Answers: Production unction MPL (u ts o output) Marg al ro u t o Labor 12 10 8 6 4 2 0 0 1 2 3 4 5 6 7 8 9 10 Output (Y) 60 50 40 30 20 10 0 0 1 2 3 4 5 6 7 8 9 10 Labor (L) Labor (L) CHAPTER 3 National Income slide 23 .

L ) MPL 1 MPL 1 MPL 1 Slope of the production function equals MPL As more labor is added. MPL q L labor CHAPTER 3 National Income slide 24 .MPL and the production function Y output F (K .

its marginal product falls (other things equal).Diminishing marginal returns  As a factor input is increased.  Intuition: Suppose oL while holding K fixed   fewer machines per worker   lower worker productivity CHAPTER 3 National Income slide 25 .

10 10 19 9 27 8 34 7 40 6 45 5 49 4 52 3 54 2 55 1 slide 26 CHAPTER 3 National Income . d.Exercise (part 2) Suppose W/P = 6. should firm hire more or less labor? Why? e. If L = 7. If L = 3. should firm hire more or less labor? Why? L 0 1 2 3 4 5 6 7 8 9 10 Y MPL 0 n.a.

L Quantity of labor demanded CHAPTER 3 National Income slide 27 . Labor demand Units of labor.MPL and the demand for labor Units of output Real wage Each firm hires labor up to the point where MPL = W/P. MPL.

equilibrium real wage L MPL. Labor demand Units of labor.The equilibrium real wage Units of output Labor supply The real wage adjusts to equate labor demand with supply. L CHAPTER 3 National Income slide 28 .

The same logic shows that MPK = R/P :  diminishing returns to capital: MPK q as K o  The MPK curve is the firm¶s demand curve for renting capital.Determining the rental rate We have just seen that MPL = W/P. CHAPTER 3 National Income slide 29 .  Firms maximize profits by choosing K such that MPK = R/P .

The equilibrium real rental rate Units of output Supply of capital The real rental rate adjusts to equate demand for capital with supply. demand for capital Units of capital. equilibrium R/P K MPK. K CHAPTER 3 National Income slide 30 .

The Neoclassical Theory of Distribution  states that each factor input is paid its marginal product  is accepted by most economists CHAPTER 3 National Income slide 31 .

then Y ! MPL v L  MPK v K national income CHAPTER 3 labor income capital income slide 32 National Income .How income is distributed: W L ! MPL v L total labor income = P R K ! MPK v K total capital income = P If production function has constant returns to scale.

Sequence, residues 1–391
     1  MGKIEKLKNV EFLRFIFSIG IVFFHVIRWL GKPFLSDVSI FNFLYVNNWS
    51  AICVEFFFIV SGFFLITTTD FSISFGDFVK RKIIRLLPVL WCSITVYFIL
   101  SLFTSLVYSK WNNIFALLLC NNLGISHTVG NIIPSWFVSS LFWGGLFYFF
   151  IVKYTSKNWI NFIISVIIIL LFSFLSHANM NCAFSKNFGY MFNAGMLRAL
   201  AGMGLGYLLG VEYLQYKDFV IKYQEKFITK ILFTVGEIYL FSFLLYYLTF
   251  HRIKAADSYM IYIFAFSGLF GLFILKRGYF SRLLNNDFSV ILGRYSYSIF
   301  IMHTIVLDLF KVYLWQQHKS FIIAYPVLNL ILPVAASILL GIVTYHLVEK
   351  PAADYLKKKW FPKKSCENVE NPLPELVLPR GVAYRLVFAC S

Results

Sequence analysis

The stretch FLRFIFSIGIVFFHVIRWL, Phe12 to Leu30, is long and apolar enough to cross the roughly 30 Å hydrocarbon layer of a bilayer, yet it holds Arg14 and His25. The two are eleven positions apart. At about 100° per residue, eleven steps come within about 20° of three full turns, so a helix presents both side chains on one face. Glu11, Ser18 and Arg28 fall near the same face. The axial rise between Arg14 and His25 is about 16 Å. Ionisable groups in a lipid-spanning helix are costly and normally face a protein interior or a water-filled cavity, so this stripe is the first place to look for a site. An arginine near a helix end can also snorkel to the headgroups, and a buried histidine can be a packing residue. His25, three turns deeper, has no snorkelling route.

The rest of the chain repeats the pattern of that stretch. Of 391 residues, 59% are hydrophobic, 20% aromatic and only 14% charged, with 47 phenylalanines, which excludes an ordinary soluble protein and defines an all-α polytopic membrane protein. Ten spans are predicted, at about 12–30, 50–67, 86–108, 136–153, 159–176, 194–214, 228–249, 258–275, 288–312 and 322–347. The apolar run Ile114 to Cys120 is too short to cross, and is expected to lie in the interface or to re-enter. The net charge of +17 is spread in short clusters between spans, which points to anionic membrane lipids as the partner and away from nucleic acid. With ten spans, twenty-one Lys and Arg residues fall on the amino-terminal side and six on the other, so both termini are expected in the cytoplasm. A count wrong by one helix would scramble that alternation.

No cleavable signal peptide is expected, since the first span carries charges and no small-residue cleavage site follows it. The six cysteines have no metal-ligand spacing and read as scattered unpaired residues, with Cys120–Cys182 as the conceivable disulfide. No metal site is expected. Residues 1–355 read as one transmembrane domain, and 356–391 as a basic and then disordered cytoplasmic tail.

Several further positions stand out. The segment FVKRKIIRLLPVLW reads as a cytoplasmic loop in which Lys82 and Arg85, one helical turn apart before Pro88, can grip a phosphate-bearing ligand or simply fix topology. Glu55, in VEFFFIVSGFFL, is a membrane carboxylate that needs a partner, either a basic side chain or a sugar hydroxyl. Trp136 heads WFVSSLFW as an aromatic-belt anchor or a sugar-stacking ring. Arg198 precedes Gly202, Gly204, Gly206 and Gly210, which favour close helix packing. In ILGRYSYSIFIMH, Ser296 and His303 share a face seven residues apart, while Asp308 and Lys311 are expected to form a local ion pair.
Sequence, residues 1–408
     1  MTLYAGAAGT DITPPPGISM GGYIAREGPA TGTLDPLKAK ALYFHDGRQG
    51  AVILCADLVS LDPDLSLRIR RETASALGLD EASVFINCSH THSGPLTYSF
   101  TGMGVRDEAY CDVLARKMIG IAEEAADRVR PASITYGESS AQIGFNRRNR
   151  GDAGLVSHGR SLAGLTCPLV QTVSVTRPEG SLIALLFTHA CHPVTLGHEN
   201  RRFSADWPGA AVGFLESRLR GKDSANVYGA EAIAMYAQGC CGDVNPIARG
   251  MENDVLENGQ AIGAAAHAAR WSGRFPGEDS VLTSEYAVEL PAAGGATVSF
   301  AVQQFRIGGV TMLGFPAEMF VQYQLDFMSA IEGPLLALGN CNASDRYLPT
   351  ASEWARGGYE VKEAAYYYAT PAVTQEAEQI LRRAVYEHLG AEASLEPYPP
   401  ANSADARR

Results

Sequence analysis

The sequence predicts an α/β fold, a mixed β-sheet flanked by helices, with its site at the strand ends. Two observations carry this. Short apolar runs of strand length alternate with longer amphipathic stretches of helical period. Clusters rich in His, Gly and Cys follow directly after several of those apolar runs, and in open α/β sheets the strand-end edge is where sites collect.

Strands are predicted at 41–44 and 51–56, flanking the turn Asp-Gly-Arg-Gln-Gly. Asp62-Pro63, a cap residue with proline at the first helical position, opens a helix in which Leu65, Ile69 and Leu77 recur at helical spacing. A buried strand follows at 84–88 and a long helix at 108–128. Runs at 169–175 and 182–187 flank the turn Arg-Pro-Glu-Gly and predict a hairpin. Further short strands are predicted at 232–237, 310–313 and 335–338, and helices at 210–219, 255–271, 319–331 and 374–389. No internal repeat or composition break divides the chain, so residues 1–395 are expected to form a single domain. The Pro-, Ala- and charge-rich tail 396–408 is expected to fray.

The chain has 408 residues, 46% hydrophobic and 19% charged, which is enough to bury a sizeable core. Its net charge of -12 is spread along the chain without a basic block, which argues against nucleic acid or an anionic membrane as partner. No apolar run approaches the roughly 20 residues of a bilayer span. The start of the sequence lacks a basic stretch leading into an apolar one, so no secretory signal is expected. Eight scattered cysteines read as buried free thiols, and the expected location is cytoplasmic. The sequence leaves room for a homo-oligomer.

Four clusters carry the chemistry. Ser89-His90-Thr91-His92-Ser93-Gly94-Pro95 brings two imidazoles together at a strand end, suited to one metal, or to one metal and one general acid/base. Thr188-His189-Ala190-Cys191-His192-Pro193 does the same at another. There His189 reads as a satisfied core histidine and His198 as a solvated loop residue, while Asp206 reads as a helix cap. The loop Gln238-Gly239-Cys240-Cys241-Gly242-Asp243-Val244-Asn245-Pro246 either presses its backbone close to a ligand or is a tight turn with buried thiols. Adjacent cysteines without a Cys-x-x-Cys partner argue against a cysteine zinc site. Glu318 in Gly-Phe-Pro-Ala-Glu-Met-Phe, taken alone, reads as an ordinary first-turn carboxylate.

National Income slide 33 .The Cobb-Douglas Production Function  The Cobb-Douglas production function has constant factor shares: E = capital¶s share of total income: capital income = MPK x K = E Y labor income = MPL x L = (1 ± E )Y  The Cobb-Douglas production function is: Y ! AK L CHAPTER 3 E E where A represents the level of technology.

The Cobb-Douglas Production Function  Each factor¶s marginal product is proportional to its average product: EY MPK ! E AK L ! K (1  E )Y E E MPL ! (1  E ) AK L ! L E 1 1E CHAPTER 3 National Income slide 34 .

Outline of model A closed economy. price) DONE determination of output/income Demand side determinants of C. demand. I. market-clearing model Supply side DONE factor markets (supply. and G Next Equilibrium goods market loanable funds market CHAPTER 3 National Income slide 35 .

Demand for goods & services Components of aggregate demand: C = consumer demand for g & s I = demand for investment goods G = government demand for g & s (closed economy: no NX ) CHAPTER 3 National Income slide 36 .

CHAPTER 3 National Income slide 37 . C  def: Disposable income is total income minus total taxes: Y ± T.  Consumption function: C = C (Y ± T ) Shows that o(Y ± T )   oC  def: Marginal propensity to consume (MPC) is the increase in C caused by a one-unit increase in disposable income.Consumption.

The consumption function C C (Y ±T ) MPC 1 The slope of the consumption function is the MPC. Y±T CHAPTER 3 National Income slide 38 .

 The real interest rate is  the cost of borrowing  the opportunity cost of using one¶s own funds to finance investment spending. So. or   qI CHAPTER 3 National Income slide 39 . I  The investment function is I = I (r ). where r denotes the real interest rate.Investment. the nominal interest rate corrected for inflation.

I (r ) I CHAPTER 3 National Income slide 40 .The investment function r Spending on investment goods depends negatively on the real interest rate.

 G excludes transfer payments (e. social security benefits. G  G = govt spending on goods and services. unemployment insurance benefits).  Assume government spending and total taxes are exogenous: G !G and T !T CHAPTER 3 National Income slide 41 ..Government spending.g.

The market for goods & services  Aggregate demand:  Aggregate supply:  Equilibrium: C (  T )  I (r )  Y ! F (K . L ) Y = C (  )  I (r )  G Y  The real interest rate adjusts to equate demand with supply. CHAPTER 3 National Income slide 42 .